The diagnosis and treatment of dry eyes, or “ocular surface disease”

Patients who experience dry, gritty, irritated eyes that may also water regularly may not be sure why this is happening. For many patients, this condition is known as dry eyes syndrome or ocular surface disease. With the help of Dr. Shelin Tkatch of MD Wellness Solutions in Surrey, British Columbia, you can obtain a proper diagnosis of your condition and discuss possible treatment options.

What is dry eyes?

Dry eyes, now named ocular surface disease, is a condition that can cause the eyes to feel irritated and gritty. Many patients also notice that vision fluctuates through the day, and the sensation of dryness distracts them from work and play.

 Dry eyes disease can be caused by inadequate tear production, often associated with auto-immune disorders,  or by an abnormal tear film. Tears are normally made up of an oil layer, a water layer and a mucin layer.  The top oil layer of tears is critical to eye comfort and when it is inadequate, dry eyes result. Meibomian glands located in the eye lids are responsible for production of the oil layer of tears, while lacrimal glands make the water component and goblet cells make the mucin component of tears. Most cases of dry eyes are caused by dysfunction or atrophy of the meibomian glands. Risk factors for meibomian gland dysfunction include screen time, contact lens wear, eye surgery, rosacea and aging. The amount of time we spend on computer and phone screens directly impacts our tear film production. Blink rate decreases when using screens, and blinking is critical to tear production.  Dr. Tkatch will take a history and complete a physical exam, including use of technology to evaluate your tear quantity, quality, eye sensitivity and structure and function of your meibomian glands. Once a proper diagnosis is established, patients can talk to us about the best treatment option for their needs. Dry eyes relief might be a phone call away!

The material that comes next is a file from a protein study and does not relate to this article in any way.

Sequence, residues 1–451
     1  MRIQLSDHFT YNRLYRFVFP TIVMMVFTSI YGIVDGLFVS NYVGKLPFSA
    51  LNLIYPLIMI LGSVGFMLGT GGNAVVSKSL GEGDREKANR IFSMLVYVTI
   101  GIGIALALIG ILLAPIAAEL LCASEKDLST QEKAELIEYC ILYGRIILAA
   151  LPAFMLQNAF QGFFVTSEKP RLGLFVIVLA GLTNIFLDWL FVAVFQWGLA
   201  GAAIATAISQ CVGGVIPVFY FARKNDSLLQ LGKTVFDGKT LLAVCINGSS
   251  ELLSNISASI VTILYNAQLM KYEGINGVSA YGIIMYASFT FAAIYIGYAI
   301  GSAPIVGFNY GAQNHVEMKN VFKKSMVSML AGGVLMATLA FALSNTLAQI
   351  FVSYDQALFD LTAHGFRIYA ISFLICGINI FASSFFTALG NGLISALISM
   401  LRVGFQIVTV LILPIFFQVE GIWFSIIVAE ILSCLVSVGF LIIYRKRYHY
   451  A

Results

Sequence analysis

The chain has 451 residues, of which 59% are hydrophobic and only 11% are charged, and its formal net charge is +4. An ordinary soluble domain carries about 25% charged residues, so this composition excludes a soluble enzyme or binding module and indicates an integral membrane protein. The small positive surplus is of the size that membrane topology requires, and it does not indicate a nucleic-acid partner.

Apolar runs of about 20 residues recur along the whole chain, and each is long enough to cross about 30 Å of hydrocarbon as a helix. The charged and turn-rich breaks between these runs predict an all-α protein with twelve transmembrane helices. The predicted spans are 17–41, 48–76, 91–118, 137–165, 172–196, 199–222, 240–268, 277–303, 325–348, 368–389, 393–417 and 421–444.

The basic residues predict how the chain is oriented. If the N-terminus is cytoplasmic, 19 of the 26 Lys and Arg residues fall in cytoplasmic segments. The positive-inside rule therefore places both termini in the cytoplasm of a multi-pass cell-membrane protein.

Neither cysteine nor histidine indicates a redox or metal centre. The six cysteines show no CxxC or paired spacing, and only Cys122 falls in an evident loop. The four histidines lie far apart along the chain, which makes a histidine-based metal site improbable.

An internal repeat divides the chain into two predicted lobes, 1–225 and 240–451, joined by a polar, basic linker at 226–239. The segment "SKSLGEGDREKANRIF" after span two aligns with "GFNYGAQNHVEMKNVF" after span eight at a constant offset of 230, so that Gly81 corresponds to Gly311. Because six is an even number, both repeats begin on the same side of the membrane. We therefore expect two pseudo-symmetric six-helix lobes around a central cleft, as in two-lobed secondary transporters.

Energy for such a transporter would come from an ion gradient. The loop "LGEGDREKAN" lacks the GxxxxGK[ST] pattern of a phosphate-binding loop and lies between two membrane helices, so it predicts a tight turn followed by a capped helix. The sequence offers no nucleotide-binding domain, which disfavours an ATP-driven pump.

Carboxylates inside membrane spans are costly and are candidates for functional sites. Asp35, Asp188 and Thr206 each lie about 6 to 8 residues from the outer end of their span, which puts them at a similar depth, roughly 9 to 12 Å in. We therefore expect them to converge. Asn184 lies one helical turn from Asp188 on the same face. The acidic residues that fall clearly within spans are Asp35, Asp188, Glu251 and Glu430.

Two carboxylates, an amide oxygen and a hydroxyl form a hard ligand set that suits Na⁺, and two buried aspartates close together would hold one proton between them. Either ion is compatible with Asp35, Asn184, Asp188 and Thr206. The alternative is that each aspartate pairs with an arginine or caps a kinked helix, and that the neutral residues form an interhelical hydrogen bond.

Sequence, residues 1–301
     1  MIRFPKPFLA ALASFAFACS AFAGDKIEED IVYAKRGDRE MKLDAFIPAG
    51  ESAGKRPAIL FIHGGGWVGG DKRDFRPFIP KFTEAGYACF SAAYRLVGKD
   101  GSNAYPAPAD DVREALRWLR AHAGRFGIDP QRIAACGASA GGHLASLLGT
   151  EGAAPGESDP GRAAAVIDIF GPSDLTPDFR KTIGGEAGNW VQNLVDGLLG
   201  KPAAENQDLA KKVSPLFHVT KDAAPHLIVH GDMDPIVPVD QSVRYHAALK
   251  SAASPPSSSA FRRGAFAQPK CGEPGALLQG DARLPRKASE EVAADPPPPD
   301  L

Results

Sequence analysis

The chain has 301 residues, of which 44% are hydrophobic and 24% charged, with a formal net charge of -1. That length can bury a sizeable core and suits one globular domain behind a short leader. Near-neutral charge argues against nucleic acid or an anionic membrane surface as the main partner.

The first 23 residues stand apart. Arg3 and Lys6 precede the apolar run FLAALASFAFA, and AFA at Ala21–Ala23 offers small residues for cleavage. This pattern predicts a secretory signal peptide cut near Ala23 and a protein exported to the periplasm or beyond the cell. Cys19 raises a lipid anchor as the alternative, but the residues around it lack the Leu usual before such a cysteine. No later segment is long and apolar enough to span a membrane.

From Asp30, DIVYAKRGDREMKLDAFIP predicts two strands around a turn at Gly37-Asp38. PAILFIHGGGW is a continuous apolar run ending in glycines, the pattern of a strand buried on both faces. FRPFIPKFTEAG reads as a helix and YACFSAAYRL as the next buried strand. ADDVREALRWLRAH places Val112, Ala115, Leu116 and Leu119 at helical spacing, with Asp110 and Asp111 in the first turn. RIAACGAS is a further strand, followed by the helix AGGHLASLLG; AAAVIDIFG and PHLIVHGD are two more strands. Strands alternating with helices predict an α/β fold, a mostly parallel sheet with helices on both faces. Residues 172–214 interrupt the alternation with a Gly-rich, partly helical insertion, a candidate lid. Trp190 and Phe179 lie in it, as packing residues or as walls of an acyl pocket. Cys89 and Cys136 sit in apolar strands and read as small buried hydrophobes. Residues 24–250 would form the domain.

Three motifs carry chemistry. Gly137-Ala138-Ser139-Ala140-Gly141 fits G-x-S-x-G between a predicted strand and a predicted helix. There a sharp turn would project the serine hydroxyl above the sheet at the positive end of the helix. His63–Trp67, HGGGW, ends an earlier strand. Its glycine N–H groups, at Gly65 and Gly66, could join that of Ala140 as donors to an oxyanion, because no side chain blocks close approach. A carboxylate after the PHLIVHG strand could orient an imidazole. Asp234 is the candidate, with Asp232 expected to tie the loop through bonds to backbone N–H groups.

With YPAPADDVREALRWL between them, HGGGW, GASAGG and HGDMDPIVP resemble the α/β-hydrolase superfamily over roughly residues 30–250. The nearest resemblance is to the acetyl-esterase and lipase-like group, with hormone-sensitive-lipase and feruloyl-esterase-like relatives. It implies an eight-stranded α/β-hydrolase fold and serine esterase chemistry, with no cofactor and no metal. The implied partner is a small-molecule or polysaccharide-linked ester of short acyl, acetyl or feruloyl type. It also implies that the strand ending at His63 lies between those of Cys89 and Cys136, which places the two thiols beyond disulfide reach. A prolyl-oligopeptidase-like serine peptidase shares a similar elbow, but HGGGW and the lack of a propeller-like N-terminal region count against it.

What can be done about dry eyes?

Dry eyes relief for ocular surface disease varies depending on the severity of the condition and the cause. Dr. Tkatch may recommend home eye care products, omega-3 eye supplements, or prescription medications. Sometimes a change in contact lens choice is necessary and Dr. Tkatch will refer you to an eye specialist to review your contact lens prescription. If inflammation or ocular rosacea is present Dr. Tkatch may recommend  Intense Pulsed Light treatments of the eyelids. IPL treatments to help decrease eyelid inflammation and decrease the demodex mite population of the lids and lashes. Demodex mites are present on lids and lashes for all of us, but for those who wear lash extensions or suffer from rosacea, they can become an infestation that then causes meibomian gland dysfunction. If meibomian gland dysfunction is identified , Dr. Tkatch will recommend eye lid debridement and thermal meibomian gland expression. Heating and then expressing the meibomian glands is an effective method of returning them to healthy function. Energy based therapies such as Intense Pulsed Light and Radiofrequency are highly effective for those with dry eyes syndrome. These procedures are available at our practice and can really help patients who are struggling with dry eyes syndrome and are looking for results.

How do I learn more about dry eyes syndrome and dry eyes relief?

Ocular surface disease is a condition that affects millions of Canadians. If you are struggling with dry eyes and have trouble finding solutions and treatments that work, we welcome you to book a consultation visit with our board-certified surgeon, Dr. Shelin Tkatch, to discuss your options. She is located at 313-2626 Croydon Drive in Surrey, BC, and can be reached by calling (604) 385-3838. She can assist patients in and around the surrounding communities of Richmond, Vancouver, Delta, Langley, and White Rock.